We’re in lockdown. It’s late at night, deathly quiet and like most of South Africa, I struggle to fall asleep. I lie in bed with the covers pulled up high, my eyes closed and my iPhone by my side.
I listen to the New York Times’ Modern Love, Tiny Love Stories.
Modern Love has inspired me ever since I discovered them. I read them daily, look out for their podcasts, watch the television show and I believe a movie is coming out too.
I’ll be the first one at the theatre.
I’ve often dreamed of writing my own Modern Love story. Right now, I’m in one and it’s beautiful, sexy and inspirational.
But that is not the love story I would like to write about. I would write a different kind of love story.
I would write it to my 91-year-old dad.
My dad is here in Johannesburg, Orchards, not too far from me in Melville, in a retirement and frail care home. He is on his own in a little room with a little bed and a little window. He has dementia and suffers from terrible anxiety. I find talking to him on the phone stressful. He’s deaf and I land up yelling.
“Hey Dad”, I say, “How are you doing?”
“What? What?” he says, drops the phone, holds it the wrong way around, forgets who he’s talking to. I’m on the other side, I ask questions but can’t hear the answers.
We both land up frustrated and it’s awful.
Now, instead of phoning, I’m sending email notes to him, through the staff at the retirement home. I asked if they wouldn’t mind reading to him.
The staff are busy. They’re working triple shifts, they are stressed and they are exhausted. They are putting their own lives at risk, because of the outbreak, and they too are in danger. They are also looking after old people who are mostly confused and upset and lonely and needy and angry.
I am wary of overloading the staff, knowing that old people often take their frustrations out on them. And my dad is not always an angel.
Never was really.
“I know how busy you all are,” I say, “And I honestly understand if you can’t read to him.”
But this is what they do.
In between their 36-hour shifts and their hand washing and scrubbing and sanitising and caring and loving and more sanitising and more washing and more caring and loving, they sit with him and they read him my emails.
Remember there is this horrible virus going around and we all have to stay indoors.
As soon as it’s all over we’ll go shopping for Allergex at Dischem, because that’s what we do. We’ll look at avocados and you’ll say “jeepers” how can it be three billion rand an avocado? And then we’ll eat toasted cheese on white bread and complain about how bad it is, because that’s what we do too.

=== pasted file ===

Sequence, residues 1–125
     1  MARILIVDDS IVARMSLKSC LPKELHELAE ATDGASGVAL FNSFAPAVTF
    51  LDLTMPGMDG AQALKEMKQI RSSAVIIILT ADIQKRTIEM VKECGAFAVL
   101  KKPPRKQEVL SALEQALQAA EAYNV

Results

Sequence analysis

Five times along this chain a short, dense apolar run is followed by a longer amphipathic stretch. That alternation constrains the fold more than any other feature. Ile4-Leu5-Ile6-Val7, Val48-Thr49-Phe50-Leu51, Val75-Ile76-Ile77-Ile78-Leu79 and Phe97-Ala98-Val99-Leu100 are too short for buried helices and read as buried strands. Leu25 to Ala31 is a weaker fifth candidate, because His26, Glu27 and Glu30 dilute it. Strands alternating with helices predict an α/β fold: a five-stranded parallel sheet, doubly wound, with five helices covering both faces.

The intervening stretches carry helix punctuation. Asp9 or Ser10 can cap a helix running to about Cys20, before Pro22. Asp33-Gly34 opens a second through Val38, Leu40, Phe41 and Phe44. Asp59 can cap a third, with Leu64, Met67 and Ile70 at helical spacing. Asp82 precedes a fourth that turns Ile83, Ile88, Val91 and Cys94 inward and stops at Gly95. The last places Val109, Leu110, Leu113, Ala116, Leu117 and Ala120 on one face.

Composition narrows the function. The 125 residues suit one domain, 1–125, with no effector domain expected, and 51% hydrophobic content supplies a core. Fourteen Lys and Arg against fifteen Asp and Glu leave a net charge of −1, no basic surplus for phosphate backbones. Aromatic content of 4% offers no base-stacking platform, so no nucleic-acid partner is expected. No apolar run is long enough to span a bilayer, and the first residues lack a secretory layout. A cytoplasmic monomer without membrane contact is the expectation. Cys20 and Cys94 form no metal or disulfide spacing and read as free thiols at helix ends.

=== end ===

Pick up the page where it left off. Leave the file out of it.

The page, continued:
In the meantime, get some sun. I know you love the sun.
Use sunblock. I promise I will too.
Take care. We all love you.
My dad was a pharmacist. Dischem is his comfort zone. Sometimes he doesn’t remember my name but he still knows every single drug on the market and every single active ingredient. Especially for Allergex, of which he is extremely fond.
I also mention the sun because his happiest moments are sitting outside, on their veranda, an old and frail man who loves to rest while tilting his face up towards the sun.
I send the emails and I never expect replies.
But I get them. Again, thanks to the staff. They find the time, in the sweetest most lovely of ways.
Dad loved the message today and had a good giggle about the sun. The twinkle in his eye tells me he is going to hold you to the promise of toasted cheese. We’re looking after him well. He sometimes thinks he’s working in the pharmacy and we play along. But he’s doing well and so are we.
Feel free to write any time.
My dad is in good hands. And I think the fact that he doesn’t quite understand Covid-19 may be a blessing. There are amazing people looking after him. He has a good stash of Allergex. He has my sister and I from a distance. And he has the sun.
This is my Modern Love Tiny Love Story.
It’s not just to my dad though.
It’s to the nurses, caregivers, cleaners and all other workers at the retirement home where he stays. It’s also for those people doing similar work, the hard work, the difficult work and the emotionally shattering work, all around South Africa, and the world at large.
Thank you so much for everything. DM/ ML
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Looney Tunes was established to promote its music. Thus why it is called "Tunes" and not "Toons".